The chick liver hepatocellular carcinoma cell line LMH (CLS, Germany, lot no. 601411-714SF), from the 24th passage, was used in our experiments as a model cell line. Aspiration of odorous compounds acts first on the respiratory tract, but many findings suggest, that they are then transported with blood to other organs, and to the liver, which takes part in their detoxification. The LMH cells were cultured as a monolayer as previously described [10]. Briefly, they were cultured in collagen-coated T75 flasks in Waymouth’s Medium with 7.5% sodium bicarbonate (Gibco, Thermo Fisher Scientific, Waltham, MA, USA), 10% heat-inactivated foetal bovine serum (FBS) (Gibco, Thermo Fisher Scientific, Waltham, MA, USA), 25 mM HEPES (Sigma-Aldrich, St. Louis, MO, USA), and antibiotics (100 IU/mL penicillin and 100 µg/mL streptomycin, Sigma-Aldrich, St. Louis, MO, USA). The cells were incubated in a CO2 incubator (Galaxy 48S, New Brunswick, United Kingdom) at 37 °C in 5% CO2 for 7 days to reach 80% confluence. The confluent cells were detached with TrypLETM Express (Gibco, Thermo Fisher Scientific, Waltham, MA, USA) for 10 min at 37 °C, suspended in sterile PBS (Sigma-Aldrich, St. Louis, MO, USA), aspirated off the plastic flask, centrifuged (182× g, 5 min), decanted, and re-suspended in fresh medium. The cells were ready to use if they had a minimum of 90% viability as tested by Trypan blue exclusion.

2.3. Comet Assay (SCGE—Single Cell Gel Electrophoresis Assay)

The final concentration of LMH cells in each sample was adjusted to 105 cells/mL. The cells in non-supplemented Waymouth’s Medium were incubated with specific concentrations of each odorous compound at 37 °C for 1 h. The final series of concentrations of the odorous compounds in culture were: 0.001–0.006% for DMA and ammonia, 0.001–0.12% for TMA, 0.003–0.5% for butyric acid and indole, and 0.0004–0.1% for phenol. The concentrations were selected based on our previous studies, in which we determined the IC50 values of these odorous compounds by MTT and PrestoBlue assays, which were 0.02–0.08% for ammonia; 0.03–0.06% for DMA; 0.02–0.08% for TMA; 0.11–0.32% for butyric acid; and, 0.06% for indole, depending on the incubation time and the assay [10]. The comet assay was performed under alkaline conditions (pH > 13), according to the procedure of Błasiak and Kowalik [11], as previously described [12]. In brief, after incubation, the cells were centrifuged (182× g, 15 min, 4 °C), decanted, suspended in 0.75% low melting point (LMP) agarose, layered onto slides pre-coated with 0.5% normal melting point (NMP) agarose, and lysed at 4 °C for 1 h in a buffer consisting of 2.5 M NaCl, 1% Triton X-100, 100 mM EDTA, and 10 mM Tris, pH 10. Next, the slides were placed in an electrophoresis unit, and DNA was allowed to unwind for 20 min in an electrophoretic solution consisting of 300 mM NaOH and 1 mM EDTA. Electrophoresis was conducted at 4 °C for 20 min at an electric field strength of 0.73 V/cm (300 mA). Finally, the slides were neutralised in distilled water, stained with 2.5 µg/mL propidium iodide (PI) (Sigma-Aldrich, St. Louis, MO, USA), and covered with cover slips. The slides were observed at 200× magnification under a fluorescence microscope (Nikon Eclipse Ci H600L, Tokyo, Japan) connected to a video camera and a personal computer-based image analysis system, namely Lucia-Comet version 7.0 (Laboratory Imaging, Prague, Czech Republic). About 50 to 100 images were randomly selected from each sample and the percentage of DNA in the comet tail was measured.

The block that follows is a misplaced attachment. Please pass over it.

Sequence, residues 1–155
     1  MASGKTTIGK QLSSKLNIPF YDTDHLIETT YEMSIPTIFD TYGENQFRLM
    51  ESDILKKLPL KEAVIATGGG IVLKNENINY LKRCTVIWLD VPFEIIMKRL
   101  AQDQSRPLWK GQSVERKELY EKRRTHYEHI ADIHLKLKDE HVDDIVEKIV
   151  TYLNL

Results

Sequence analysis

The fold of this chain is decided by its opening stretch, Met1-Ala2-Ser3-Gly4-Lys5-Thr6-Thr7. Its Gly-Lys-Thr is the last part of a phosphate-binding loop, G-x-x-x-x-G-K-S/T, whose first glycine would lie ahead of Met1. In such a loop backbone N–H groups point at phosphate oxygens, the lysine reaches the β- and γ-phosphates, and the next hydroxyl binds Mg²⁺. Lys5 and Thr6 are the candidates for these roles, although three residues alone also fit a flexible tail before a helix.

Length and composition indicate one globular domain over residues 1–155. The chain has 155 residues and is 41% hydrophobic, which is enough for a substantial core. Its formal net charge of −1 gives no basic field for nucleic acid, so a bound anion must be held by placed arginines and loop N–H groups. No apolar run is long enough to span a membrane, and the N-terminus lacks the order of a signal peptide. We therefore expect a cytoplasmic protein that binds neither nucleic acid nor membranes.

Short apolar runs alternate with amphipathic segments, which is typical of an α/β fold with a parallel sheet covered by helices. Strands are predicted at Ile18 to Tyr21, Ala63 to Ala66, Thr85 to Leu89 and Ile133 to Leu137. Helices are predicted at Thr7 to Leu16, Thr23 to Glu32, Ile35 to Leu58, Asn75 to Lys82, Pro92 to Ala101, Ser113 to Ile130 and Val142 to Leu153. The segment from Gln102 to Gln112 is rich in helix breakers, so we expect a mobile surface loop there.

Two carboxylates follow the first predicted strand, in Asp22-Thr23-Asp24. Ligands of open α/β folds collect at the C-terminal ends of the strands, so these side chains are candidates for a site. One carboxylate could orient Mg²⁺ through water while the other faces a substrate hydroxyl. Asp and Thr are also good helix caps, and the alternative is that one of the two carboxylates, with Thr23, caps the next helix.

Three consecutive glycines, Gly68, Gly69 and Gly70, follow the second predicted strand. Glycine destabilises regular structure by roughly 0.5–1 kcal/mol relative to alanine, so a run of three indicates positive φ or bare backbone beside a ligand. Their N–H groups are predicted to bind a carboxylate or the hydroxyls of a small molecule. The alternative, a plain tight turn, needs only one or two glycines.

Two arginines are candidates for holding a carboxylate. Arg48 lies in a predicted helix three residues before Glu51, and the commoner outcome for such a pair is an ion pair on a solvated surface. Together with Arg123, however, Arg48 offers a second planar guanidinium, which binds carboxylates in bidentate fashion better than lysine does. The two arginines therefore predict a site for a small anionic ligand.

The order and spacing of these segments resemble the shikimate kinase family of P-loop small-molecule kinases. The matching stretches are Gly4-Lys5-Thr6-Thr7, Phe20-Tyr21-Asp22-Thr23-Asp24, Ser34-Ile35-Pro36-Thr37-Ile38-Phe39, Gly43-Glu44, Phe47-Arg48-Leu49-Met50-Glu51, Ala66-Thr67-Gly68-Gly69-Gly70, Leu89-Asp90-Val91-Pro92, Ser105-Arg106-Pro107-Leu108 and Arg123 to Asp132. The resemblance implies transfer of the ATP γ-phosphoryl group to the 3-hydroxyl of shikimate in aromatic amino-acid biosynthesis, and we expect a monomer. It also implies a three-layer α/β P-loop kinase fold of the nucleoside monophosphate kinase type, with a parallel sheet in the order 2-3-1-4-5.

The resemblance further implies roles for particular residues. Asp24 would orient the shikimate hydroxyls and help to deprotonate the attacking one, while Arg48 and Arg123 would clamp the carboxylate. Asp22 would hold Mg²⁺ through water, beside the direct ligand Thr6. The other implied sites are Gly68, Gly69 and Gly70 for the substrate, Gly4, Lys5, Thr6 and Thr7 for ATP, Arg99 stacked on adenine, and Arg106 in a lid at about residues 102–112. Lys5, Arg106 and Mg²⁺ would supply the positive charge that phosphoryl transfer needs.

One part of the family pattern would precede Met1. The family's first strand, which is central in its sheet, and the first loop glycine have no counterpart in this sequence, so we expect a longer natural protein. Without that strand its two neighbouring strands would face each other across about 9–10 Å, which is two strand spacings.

2.4. Lactate Dehydrogenase Activity (LDH) Assay

The LDH cytotoxicity assay is based on the leakage of a cytoplasmic enzyme called lactate dehydrogenase from cells when the plasma membrane is damaged. This assay is useful to detect necrosis [13].
In our experiment, 1 × 104 LMH cells, in a complete culture medium, were placed in each well of a 96-well plate coated with collagen (BioCoat, Becton, Dickinson and Co., Franklin Lakes, NJ, USA). The cells were incubated for 24 h at 37 °C in 5% CO2 to allow them to attach to the collagen-coated surface. The following day, the medium was aspirated and 200 µL of each concentration of the test compound in Waymouth’s Medium without FBS, was added to each well in eight repeats. The control samples consisted of cells without any test agent. The cells were incubated in a CO2 incubator at 37 °C in 5% CO2 for 24 h in case of DMA, and 48h in case of ammonia and TMA. The final test concentrations were: 0.004–1.0% for DMA and ammonia, and 0.004–1.0% for TMA. The concentrations investigated, and the times of incubation were chosen to detect IC50 values. In our previous studies [10], the viability of the cells was measured by MTT and PrestoBlue assays. In this study, only the three most cytotoxic odorous compounds were chosen, namely ammonia, DMA and TMA, to check for the mechanism of cell damage (loss in cell membrane integrity and probably necrosis). The assay was conducted with a Cytotoxicity Detection KitPLUS (Roche, 04744934001, Basel, Switzerland), according to the manufacturer’s instructions. Three controls were included: background control (assay medium), low control (untreated cells), and high control (maximum LDH release). To determine the experimental absorbance values, the average absorbance values of the 8-repeat samples and controls were calculated and subtracted from the absorbance values of the background control. The cytotoxicity was determined as follows: cytotoxicity (%) = ((exp. Value-low control)/(high control-low control)) × 100. The absorbance was detected at 490 nm with the use of a microplate reader (TriStar2 LB 942, Berthold Technologies GmbH and Co. KG, Bad Wildbad, Germany). Results were presented as mean ± standard deviation (SD). The mean error of the method is up to 10%.

2.5. Calculation of IC50

The values of IC50, which is the concentration of the test compound required to reduce the cell survival rate to 50% of the control, were used as a degree of cellular sensitivity to a given treatment. IC50 values were determined according to the formula: IC50 = (X − Z)/(X − X1) × (CX1 − CX) + CX, where X is a 50% decrease in viability; X is % of viability > Z; X1 is % viability < Z; CX is concentration of the compound for X, and CX1 is concentration of the compound for X1 [10,14].